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Hitchcock Has Big Edge for Coach of the Year Honors
All hail Ken Hitchcock, the coach of the St. Louis Blues who has orchestrated the most shocking turnaround of the season.
There are coaching job and there are coaching jobs, but nobody could have anticipated that the St. Louis Blues would have the most points in the NHL as the calendar hit mid-March. Since taking over for the fired Davis Payne, Hitchcock is 37-11-7. Hitchcock is not a complicated man nor does he teach a complicated system. His players have adapted to his style and he has turned the St. Louis Blues into a hard-hitting and physical team that preaches defense first and has top-level goaltending. If that sounds a bit like last year's Stanley Cup champion Boston Bruins, there's a reason for that. Hitchcock is an admirer of the approach the Bruins took last year and has urged his team to play in a similar manner. You can't help but be impressed with the coaching job Hitchcock has done and his players' efforts have made him the leading candidate for the Jack Adams Award as the NHL's coach of the year.
Here' a look at four other coach of the year candidates.
John Tortorella has done a sensational job of getting the most out of the New York Rangers. Just like Hitchcock and the Blues, Tortorella has sensational goaltending with the Rangers. Henrik Lundqvist is the almost-certain Vezina Trophy winner this season and Tortorella has preached responsible defense from all his players. The Rangers excel at blocking shots and checking. They don't have a lot of great goal-scoring talent outside of Marian Gaborik and that could hurt in the playoffs, but Tortorella has turned an inconsistent and psychologically weak team into one that can take advantage of any opponent's mistakes and turn them into goals.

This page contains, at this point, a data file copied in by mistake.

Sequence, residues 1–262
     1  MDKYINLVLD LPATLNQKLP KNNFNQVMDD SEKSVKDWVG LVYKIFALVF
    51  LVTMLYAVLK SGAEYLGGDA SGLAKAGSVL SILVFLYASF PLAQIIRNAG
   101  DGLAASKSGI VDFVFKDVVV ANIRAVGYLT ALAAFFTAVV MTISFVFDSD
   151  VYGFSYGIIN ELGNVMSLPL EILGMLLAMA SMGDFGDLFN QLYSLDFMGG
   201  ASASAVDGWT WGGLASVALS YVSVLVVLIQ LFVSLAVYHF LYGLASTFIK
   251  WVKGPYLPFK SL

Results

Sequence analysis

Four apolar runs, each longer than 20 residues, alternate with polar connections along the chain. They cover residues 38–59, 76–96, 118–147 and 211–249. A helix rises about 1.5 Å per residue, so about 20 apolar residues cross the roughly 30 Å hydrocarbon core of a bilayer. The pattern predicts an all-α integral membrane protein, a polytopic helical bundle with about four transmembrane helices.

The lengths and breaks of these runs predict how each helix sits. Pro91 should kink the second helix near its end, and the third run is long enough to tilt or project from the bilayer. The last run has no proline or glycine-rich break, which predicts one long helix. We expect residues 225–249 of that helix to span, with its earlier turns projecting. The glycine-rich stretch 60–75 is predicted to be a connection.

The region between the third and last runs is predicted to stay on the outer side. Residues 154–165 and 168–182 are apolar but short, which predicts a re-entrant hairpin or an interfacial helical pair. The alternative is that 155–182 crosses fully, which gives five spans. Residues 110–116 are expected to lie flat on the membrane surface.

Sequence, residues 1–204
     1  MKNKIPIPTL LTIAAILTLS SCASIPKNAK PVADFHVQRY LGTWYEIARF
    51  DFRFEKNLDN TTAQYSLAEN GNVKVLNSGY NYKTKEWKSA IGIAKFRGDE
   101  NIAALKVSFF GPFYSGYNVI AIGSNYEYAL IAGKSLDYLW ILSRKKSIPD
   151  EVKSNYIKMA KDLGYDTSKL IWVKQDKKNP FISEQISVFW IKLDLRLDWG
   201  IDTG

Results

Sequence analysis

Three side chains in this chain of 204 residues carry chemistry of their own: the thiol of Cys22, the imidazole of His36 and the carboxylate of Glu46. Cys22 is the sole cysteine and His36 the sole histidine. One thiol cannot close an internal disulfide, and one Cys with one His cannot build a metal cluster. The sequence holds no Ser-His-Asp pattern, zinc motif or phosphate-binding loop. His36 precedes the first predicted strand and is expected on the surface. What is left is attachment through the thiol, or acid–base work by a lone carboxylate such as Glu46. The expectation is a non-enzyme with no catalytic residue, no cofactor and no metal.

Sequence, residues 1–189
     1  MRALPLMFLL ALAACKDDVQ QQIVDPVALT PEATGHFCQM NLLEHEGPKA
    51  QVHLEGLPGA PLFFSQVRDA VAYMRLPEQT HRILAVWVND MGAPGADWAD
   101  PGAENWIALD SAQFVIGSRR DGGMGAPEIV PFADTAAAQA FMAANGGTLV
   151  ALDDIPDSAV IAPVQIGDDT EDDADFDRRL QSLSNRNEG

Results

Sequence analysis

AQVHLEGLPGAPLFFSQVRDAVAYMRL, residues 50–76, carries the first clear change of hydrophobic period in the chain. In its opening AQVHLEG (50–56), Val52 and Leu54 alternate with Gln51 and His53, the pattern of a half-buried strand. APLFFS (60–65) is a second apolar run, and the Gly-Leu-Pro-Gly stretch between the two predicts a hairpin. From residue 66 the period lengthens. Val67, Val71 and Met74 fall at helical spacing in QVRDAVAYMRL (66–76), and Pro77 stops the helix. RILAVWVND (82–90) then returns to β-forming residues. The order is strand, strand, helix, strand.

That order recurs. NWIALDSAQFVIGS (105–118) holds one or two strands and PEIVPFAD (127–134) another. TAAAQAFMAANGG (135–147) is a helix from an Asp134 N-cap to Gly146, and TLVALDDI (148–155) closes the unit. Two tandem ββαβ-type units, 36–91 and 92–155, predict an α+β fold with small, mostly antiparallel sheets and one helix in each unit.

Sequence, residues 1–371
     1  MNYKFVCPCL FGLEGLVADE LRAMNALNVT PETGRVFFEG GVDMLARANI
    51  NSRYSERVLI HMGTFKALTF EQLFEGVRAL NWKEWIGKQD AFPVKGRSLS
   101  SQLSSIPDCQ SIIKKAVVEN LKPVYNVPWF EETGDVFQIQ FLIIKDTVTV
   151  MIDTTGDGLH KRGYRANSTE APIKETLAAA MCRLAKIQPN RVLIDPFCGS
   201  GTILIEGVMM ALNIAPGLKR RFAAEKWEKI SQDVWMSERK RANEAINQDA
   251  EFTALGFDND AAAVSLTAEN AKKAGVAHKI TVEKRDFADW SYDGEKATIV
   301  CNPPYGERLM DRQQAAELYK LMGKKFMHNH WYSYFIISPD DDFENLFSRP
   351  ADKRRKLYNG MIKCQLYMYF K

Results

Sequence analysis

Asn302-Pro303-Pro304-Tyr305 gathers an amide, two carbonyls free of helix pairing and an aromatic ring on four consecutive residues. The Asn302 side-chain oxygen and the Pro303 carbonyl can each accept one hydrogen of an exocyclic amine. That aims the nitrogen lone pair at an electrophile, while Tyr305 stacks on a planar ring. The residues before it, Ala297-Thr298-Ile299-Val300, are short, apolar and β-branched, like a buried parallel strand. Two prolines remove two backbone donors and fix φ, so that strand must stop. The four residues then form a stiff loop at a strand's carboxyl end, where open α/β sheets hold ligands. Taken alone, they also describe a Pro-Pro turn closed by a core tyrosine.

Ottawa's Paul MacLean has nearly matched Hitchcock for taking a team that was dead in the water last year and turned them into a playoff team that may be able to wrest the Northeast Division title away from the Bruins. Under Cory Clouston a year ago, the Senators finished last in the NHL. His players were overburdened by his negativity and his demands. MacLean is an aggressive and tough coach, but his message has been consistent and his players love playing for him.
Mike Babcock never seems to get the credit he deserves because he has perhaps the most talented roster in the league. Don't hold that against him. Babcock is meticulous and consistent in his preparation as he almost always finds the right way to attack opponents while keeping his team prepared to play at a maximum level. Babcock is never going to be outworked and he is like a competitive chess player who thinks five moves ahead of his opponents.
Dan Bylsma comes through with consistent coaching every season. His ability to keep his team playing at a high level without Sidney Crosby cannot be overlooked. He is always optimistic and positive without being asinine about it. He has gotten the most out of talented but enigmatic Evgeni Malkin. If he gets Crosby back and he can stay in the lineup, the Penguins have to be looked at as a Stanley Cup favorite.
CBS Sports - NHL Award Races
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